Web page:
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Working Culture and the Recruiting Process at Naughty Dog

Recruiter at Naughty Dog Christina-Marie Drake McBrearty talked about the hiring process at the company, discussed how Naughty Dog helps beginners, and explained why she joined the company.

Introduction

My name is Christina-Marie, and I’m a Recruiter at Naughty Dog. I serve primarily on the Creative and Operations Recruiting team with two Associate Recruiters. We also have a team dedicated to Programming and another dedicated to Onboarding and Administration. I received my Bachelor’s degree from Defiance College in Media and Communications and my Master's degree in Leadership and Technology from Pepperdine University.

I feel like I have one of the most unique answers to “why” I joined the Naughty Dog Team. I genuinely wanted an opportunity to merge my personal passion for games with my professional HR and Recruiting experience. As a direct descendant of Sir Francis Drake, the opportunity to work for Naughty Dog felt like a universal sign given the Uncharted series that’s loosely tied to my own family legacy.

Teams and Organization at Naughty Dog

Personally, I organize my work utilizing checklists and time blocking. I try to do interviews back-to-back one or two days a week and time block a predictable schedule for sourcing candidates, resume/portfolio reviews, and meeting with my hiring managers. We have numerous teams and each one has its preferred communication style. Overall, we keep in touch via Slack and e-mail during the workday. I am genuinely proud of the Recruiting team’s resilience. We have closed some tough-to-fill positions while also mentoring our new Associate Recruiters and keeping up with the studio's growth.

Working with Beginners

Our Operations team does a great job of keeping in communication with new employees, making them a curated “Welcome Kit” and pairing them with a studio partner to help get them acclimated. By pairing a veteran studio employee with a new hire, we are able to ensure an easy transition and especially with the digital age, make sure new hires are not feeling isolated or disconnected from their team.

The consideration of skills varies wildly between specialists. What I would look for in a Lead Producer is very different than a Concept Artist, both of which I am actively recruiting for. On our team specifically, some soft skills that are required include empathy, communication, and willingness to adapt. I frequently tell interviewees that the thing I love most about the Recruiting team is that we genuinely want each other to be successful, so we try our best to take actions to reflect that.

I really applaud Naughty Dog’s leadership in regard to employees' freedoms. In my first week, I brought up some process improvements and demonstrated how they could improve our workflow. Leadership was incredibly responsive, willing to hear these strategies out, and allow me to implement them. I’ve worked for companies in the past where senior leadership or CEOs were "the boss" and your voice was not welcomed or heard. Here, that dynamic couldn’t be further from the truth. Our leadership wants to be involved and truly get to know our studio members.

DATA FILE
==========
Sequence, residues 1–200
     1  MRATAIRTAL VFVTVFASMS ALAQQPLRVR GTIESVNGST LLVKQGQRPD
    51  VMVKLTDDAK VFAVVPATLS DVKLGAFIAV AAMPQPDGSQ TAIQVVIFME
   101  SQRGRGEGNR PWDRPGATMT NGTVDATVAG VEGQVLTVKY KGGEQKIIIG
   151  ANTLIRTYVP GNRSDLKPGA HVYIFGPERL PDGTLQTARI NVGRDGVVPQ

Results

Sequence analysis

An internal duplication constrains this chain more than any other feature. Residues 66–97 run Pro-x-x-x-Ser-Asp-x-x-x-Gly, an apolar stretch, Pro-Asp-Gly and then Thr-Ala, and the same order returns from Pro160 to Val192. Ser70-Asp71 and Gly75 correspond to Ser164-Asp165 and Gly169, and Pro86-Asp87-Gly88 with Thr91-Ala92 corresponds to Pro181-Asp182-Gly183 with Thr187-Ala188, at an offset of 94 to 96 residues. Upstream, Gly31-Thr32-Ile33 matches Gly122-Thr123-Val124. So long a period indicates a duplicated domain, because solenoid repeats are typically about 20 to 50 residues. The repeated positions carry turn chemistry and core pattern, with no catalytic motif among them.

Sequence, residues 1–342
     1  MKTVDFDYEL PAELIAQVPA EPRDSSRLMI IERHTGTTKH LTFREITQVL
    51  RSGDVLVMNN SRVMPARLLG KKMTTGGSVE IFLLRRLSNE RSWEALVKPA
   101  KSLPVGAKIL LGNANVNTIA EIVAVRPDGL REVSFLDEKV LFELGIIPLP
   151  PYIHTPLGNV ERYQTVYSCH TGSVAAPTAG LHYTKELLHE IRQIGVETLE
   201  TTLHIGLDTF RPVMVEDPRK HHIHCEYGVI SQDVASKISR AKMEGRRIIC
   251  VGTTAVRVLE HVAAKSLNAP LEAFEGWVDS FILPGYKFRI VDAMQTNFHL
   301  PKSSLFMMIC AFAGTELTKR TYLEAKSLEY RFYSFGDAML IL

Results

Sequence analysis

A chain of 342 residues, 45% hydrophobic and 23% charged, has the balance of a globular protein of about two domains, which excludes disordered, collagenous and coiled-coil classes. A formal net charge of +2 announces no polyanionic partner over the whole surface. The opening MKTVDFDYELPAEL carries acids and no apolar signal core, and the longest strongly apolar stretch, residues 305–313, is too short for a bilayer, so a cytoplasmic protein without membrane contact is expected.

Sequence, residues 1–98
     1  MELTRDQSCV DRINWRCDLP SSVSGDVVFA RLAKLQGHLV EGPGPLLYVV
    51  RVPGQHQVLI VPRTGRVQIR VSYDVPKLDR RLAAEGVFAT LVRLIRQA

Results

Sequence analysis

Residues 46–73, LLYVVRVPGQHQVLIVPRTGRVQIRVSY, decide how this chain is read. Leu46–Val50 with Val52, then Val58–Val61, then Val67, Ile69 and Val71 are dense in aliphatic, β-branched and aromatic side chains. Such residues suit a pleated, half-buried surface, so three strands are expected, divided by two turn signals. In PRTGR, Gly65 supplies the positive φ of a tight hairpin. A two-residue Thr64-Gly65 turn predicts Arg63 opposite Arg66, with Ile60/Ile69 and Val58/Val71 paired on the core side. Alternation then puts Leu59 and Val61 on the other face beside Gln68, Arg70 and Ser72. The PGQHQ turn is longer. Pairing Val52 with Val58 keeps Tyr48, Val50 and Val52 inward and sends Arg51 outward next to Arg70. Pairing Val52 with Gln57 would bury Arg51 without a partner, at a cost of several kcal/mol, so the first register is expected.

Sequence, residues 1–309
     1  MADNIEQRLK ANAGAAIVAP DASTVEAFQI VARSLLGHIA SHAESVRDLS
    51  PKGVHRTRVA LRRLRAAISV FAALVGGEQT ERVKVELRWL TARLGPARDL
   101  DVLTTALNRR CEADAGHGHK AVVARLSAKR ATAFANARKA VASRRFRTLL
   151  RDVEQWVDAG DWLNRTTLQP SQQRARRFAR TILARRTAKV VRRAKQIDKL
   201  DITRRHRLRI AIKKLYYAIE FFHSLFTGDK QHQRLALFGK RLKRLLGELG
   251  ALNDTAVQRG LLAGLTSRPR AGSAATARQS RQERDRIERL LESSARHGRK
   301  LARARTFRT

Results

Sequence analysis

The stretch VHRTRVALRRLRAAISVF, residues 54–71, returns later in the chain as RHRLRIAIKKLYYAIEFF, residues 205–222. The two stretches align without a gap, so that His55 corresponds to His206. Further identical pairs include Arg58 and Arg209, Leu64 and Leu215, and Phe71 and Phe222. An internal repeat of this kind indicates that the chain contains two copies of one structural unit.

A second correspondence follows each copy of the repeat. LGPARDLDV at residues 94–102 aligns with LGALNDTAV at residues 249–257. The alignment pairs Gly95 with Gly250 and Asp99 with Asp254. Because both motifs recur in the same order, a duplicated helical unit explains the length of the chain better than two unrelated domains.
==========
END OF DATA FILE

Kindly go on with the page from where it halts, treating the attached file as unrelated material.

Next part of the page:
Naughty Dog's Approach to Education

From mentorship to education assistance, Naughty Dog provides employees with multiple avenues for continuing education. We also share knowledge with each another. Just last week, I was asked to host "Sourcing Training.” All Recruiting team members were invited to explore some sourcing strategies, both common and creative, to help us garner new talent for the studio. Another member of our team hosted Applicant Tracking Software training, so we all felt confident in the systems we were using.

Advice for Beginners

I can't stress this enough: focus on your portfolio. If you're an artist, a strong portfolio is going to get my attention more than your resume. It's my hope that if you're applying to work in the studio, you are producing consistent, high-quality content that one would expect from a Naughty Dog game. Art should be your passion, so you should consistently be replacing the weakest piece in your portfolio with something better. If you have 50 mediocre pieces but your competition has 20 curated pieces specific to our style and quality, I will likely move them to the hiring manager for review. If you are not at the Naughty Dog level now, that is perfectly okay. I am willing to take a risk on talent that has potential, works to make small consistent changes, and demonstrates a willingness to learn and be mentored. Plenty of people, including here at 80 Level, would love to give you feedback on your portfolio if you ask nicely.

Christina-Marie Drake McBrearty, Recruiter at Naughty Dog

Interview conducted by Arti Burton

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Comments 2

  • Anonymous user

    The recruiting process leaves a lot to be desired.  Still with the archaic practice of making people do tests no matter their reel/resume.  Ignoring candidates after they spent the hours to do the test.  Even having recruiters ignore candidates who did a test, DID AN INTERVIEW, and was told to wait and would be  scheduled for a face to face only to be completely ghosted.  

    This is all an aside to the fact that once in ND you burn people out with crushing unpaid overtime.

    222

    Anonymous user

    ·a year ago·
  • Anonymous user

    Looking at company at Glassdoor ND gives off an impression of mid level company, salaries are barely competitive.
    It would be ok if not the reports about terrible crunches and toxic environment.
    And that is one of the most respected studios in industry. That says quite a lot about the current state of things.

    0

    Anonymous user

    ·a year ago·

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